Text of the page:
That’s AMORES

If you follow me on Twitter, you may have noticed an occasional tweet tagged with #amoresproject, such as this one I had pinned to the top of my profile page for a while.

I doubt anyone’s been wondering what that’s all about to the point of losing sleep, but I thought I’d enlighten you anyway. Okay, not the most inspired of openings, I know. It’s not meant to sound flippant as the AMORES project is actually built around an incredibly worthy cause – especially to a die-hard bookworm like me.

How I got involved

If you’d asked me a year ago to comment on the reading habits of kids today I would have probably said they’re always on Facebook (or whatever social network is popular among a particular age group) and read very few actual books – paper books, that is. Or books in any format, for that matter. I would’ve mostly based this on media reports read or heard in passing, and I wasn’t overly concerned with the issue, to be frank. I don’t teach kids, so I was hardly in a position to do anything about it anyway.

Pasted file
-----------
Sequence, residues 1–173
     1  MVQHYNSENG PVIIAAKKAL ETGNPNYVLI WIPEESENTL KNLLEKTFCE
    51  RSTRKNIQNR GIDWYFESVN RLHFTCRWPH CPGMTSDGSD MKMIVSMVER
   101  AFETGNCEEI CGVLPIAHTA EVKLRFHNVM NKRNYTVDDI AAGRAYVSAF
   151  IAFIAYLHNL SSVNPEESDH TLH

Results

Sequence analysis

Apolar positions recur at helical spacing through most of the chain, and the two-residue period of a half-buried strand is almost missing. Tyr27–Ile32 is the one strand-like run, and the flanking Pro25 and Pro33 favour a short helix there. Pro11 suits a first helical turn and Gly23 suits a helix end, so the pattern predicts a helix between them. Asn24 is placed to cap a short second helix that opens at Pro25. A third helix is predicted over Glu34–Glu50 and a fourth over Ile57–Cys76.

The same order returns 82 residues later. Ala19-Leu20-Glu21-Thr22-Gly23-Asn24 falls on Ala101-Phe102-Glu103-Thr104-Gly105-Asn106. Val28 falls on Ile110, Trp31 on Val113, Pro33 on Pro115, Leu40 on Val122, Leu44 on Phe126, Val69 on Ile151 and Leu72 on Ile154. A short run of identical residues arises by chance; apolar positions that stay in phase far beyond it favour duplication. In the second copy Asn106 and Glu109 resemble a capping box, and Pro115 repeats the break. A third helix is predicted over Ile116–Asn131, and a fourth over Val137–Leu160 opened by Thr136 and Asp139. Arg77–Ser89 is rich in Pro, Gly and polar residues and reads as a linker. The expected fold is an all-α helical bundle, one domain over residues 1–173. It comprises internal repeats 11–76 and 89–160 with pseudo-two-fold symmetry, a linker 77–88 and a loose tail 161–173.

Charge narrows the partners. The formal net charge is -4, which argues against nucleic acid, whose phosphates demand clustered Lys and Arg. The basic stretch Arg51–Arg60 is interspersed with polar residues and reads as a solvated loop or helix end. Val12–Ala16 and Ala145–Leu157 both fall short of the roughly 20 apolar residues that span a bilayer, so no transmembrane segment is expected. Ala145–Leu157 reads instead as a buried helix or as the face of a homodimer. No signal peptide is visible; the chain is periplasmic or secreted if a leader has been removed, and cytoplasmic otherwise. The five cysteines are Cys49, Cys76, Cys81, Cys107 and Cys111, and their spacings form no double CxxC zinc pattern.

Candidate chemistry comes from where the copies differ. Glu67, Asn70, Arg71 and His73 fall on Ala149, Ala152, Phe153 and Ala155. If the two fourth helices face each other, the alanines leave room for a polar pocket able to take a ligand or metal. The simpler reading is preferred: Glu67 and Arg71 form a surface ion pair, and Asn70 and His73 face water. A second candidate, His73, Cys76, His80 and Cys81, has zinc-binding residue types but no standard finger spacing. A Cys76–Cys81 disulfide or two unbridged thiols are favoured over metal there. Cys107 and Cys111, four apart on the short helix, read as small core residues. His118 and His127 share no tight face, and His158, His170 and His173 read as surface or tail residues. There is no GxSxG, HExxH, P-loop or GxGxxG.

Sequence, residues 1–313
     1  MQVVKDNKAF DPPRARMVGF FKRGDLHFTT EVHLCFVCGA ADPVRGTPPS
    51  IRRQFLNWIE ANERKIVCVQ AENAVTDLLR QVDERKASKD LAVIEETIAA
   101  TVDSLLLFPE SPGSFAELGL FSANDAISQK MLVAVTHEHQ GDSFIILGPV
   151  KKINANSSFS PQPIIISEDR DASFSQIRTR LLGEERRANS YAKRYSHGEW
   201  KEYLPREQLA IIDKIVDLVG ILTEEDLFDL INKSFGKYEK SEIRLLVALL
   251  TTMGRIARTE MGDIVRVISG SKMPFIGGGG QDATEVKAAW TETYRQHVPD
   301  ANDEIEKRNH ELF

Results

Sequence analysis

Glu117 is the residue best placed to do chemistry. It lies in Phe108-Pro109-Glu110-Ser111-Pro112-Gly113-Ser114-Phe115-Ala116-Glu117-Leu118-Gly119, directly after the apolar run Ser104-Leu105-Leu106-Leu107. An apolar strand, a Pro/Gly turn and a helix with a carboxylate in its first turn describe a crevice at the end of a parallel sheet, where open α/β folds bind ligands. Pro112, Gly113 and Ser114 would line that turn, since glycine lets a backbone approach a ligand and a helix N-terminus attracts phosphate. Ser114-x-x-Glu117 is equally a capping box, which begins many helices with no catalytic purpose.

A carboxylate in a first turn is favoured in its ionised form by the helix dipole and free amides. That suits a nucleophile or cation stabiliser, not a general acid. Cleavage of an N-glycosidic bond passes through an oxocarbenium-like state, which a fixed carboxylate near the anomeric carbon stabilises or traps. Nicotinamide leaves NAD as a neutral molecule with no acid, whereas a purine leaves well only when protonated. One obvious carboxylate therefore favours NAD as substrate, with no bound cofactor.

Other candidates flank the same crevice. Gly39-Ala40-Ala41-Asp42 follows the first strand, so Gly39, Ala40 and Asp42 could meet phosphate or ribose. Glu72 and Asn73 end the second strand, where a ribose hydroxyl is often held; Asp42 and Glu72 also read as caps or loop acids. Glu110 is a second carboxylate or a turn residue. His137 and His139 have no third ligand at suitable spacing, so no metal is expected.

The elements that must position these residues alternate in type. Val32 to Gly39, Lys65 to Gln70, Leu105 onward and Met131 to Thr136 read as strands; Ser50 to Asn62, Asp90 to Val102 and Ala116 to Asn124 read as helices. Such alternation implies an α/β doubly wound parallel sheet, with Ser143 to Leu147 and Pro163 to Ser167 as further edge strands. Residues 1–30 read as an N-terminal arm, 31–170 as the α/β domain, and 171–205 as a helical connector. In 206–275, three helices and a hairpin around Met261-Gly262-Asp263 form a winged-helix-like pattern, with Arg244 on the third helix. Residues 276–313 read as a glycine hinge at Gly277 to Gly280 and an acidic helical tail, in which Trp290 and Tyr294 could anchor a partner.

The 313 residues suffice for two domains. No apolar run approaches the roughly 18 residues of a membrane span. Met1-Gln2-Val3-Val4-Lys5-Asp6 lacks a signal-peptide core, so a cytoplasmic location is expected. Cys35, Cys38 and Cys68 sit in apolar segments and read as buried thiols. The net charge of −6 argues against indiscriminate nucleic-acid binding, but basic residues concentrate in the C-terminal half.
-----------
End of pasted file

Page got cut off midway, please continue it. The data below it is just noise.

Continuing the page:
Then last fall, when I’d already moved to Belgium, I was asked by the Croatian Academic Research Network (CARNet) to join AMORES. Which is CV-speak for badgering my current boss to let me join the MOOC team, who eventually went on to design and run the first Croatian MOOC earlier on this year…oh, how I do get sidetracked. Sigh. As it turned out, she didn’t need me on the MOOC team, but asked if I would be interested in working on AMORES, which was starting soon, as they needed a researcher.

What is it already?